A Nigerian British woman, Mercy Ogbedo who unknowingly wedded a an already married Nigerian British billionaire has been ordered by a court in Britain to pay him £100,000.
According to Mail Online; Mercy Ogbedo believed she married shipping magnate Moses Taiga in an elaborate ceremony in Nigeria where her feet were washed by village elders and a dowry was paid for her as a ‘bride price’.
The couple had twins together, but Mrs Ogbedo then spent a decade pursuing the tycoon for financial support through the British courts – only to be told she would not get a penny because their wedding ceremony was invalid. Instead, the 45-year-old of Finchley, North London, was ordered to pay 80 per cent of Mr Taiga’s legal costs for a series of complex court hearings, leaving her with an estimated £100,000 bill for lawyers’ fees.
Mrs Ogbedo went to the Court of Appeal yesterday in a bid to get the order overturned. The court heard she had ‘limited means’ while her ‘husband’ owned a string of London properties.
The pair ‘married’ in 2002 and had twins, but Mrs Ogbedo discovered soon afterwards that Mr Taiga had already married a woman in Benin, West Africa.
The court heard that having more than one wife is allowed under Nigerian law, but Mrs Ogbedo applied to the British courts in 2003 to have her marriage dissolved because of her husband’s behaviour, and to force Mr Taiga to pay maintenance for their children. The High Court ordered she should be given £300,000 a year – but Mr Taiga went to the Nigerian courts and successfully argued that their wedding was invalid, because of his church marriage in Benin. The court ruled that Mrs Ogbedo’s was a ‘non-marriage’, which meant precisely nothing in the eyes of the law. The High Court then ruled it could not hand over any of Mr Taiga’s fortune because he was never legally married to Mrs Ogbedo, and that she should pay most of his legal costs.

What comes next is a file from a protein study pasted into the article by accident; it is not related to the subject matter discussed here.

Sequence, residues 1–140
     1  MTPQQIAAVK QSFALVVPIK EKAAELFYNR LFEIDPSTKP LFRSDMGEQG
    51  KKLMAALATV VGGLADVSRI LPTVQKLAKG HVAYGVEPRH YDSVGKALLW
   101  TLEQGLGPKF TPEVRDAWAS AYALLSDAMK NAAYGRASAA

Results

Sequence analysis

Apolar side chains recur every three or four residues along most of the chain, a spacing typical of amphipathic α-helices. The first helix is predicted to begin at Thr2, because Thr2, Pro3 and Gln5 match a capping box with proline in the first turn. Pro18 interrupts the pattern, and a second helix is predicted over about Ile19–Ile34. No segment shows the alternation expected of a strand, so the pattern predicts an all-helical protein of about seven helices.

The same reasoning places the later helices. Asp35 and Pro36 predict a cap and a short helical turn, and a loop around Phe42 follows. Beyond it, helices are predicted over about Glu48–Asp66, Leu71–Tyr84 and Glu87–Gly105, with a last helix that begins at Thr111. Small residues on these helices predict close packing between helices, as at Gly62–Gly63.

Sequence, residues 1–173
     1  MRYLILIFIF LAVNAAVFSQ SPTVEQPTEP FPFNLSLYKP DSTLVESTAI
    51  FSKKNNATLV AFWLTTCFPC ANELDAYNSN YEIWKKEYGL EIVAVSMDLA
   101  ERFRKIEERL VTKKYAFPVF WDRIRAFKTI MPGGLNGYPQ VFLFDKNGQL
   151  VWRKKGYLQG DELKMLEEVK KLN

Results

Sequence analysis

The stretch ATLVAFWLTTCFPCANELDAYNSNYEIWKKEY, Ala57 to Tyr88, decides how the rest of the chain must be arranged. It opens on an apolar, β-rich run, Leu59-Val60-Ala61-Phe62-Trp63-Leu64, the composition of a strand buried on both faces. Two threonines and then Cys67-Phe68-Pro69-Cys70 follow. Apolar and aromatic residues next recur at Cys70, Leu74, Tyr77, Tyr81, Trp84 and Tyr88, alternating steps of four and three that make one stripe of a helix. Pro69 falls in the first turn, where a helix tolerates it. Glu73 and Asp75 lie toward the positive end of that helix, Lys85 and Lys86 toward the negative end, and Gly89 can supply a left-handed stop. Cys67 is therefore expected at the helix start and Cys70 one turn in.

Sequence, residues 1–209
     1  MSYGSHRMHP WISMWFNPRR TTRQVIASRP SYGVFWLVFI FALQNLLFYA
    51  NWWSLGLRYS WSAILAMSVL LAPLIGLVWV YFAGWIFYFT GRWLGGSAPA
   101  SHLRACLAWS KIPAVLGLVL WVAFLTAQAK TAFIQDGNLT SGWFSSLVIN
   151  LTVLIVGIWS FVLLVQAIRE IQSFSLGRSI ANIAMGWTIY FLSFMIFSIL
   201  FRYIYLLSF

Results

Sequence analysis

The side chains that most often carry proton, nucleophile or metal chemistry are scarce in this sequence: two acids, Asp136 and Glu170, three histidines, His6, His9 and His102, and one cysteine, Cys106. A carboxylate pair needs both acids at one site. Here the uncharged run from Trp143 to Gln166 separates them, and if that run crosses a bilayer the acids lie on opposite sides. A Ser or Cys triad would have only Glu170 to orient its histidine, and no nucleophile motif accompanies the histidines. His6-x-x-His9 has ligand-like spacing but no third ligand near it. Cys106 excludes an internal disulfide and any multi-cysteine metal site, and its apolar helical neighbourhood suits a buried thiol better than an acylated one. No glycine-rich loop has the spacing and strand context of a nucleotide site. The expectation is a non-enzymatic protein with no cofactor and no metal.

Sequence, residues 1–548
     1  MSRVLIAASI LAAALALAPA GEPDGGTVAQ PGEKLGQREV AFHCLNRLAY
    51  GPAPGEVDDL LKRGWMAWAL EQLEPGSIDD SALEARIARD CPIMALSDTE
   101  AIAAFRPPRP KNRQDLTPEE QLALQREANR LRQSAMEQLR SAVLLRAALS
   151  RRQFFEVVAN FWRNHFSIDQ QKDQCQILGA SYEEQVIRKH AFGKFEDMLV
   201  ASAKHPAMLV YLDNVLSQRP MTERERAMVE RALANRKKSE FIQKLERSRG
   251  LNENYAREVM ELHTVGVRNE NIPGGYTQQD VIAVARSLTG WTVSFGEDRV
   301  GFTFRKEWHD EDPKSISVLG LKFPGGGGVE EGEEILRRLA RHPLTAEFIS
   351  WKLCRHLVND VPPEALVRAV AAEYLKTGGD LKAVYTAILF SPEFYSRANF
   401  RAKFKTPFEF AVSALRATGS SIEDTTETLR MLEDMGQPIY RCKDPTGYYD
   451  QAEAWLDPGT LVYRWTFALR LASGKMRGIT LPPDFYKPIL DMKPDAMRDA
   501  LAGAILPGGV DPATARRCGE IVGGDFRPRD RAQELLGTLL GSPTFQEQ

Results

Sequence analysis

Her lawyers branded that decision ‘incomprehensible’ and said she should be entitled to a payout.
Barrister Timothy Scott QC, for Mrs Ogbedo, said: ‘The wife says she was duped. She should be permitted to apply for financial relief in England by virtue of that marriage ceremony.’
Since his split from Mrs Ogbedo, Mr Taiga has ended his 1974 Benin marriage and wed another woman, Yinka, with whom he has quadruplets.
Ruling on Mrs Ogbedo’s case, Appeal Court judge Lord Justice McFarlane said he had ‘real sympathy’ for her position, adding: ‘All the time the wife considered that she was married to her husband he was in fact married to another lady.’
However, he said he could not allow her to appeal over a divorce payout because ‘there was no marriage on which English law could bite’.
He said he would allow her to appeal against the order that she should pay Mr Taiga’s costs.
Lord Justice McFarlane said it was arguable that the sum was unfair, adding: ‘She has the sole care of the parties’ children and is a lady of limited means.’
What is wrong with the court’s ruling? Is this fair?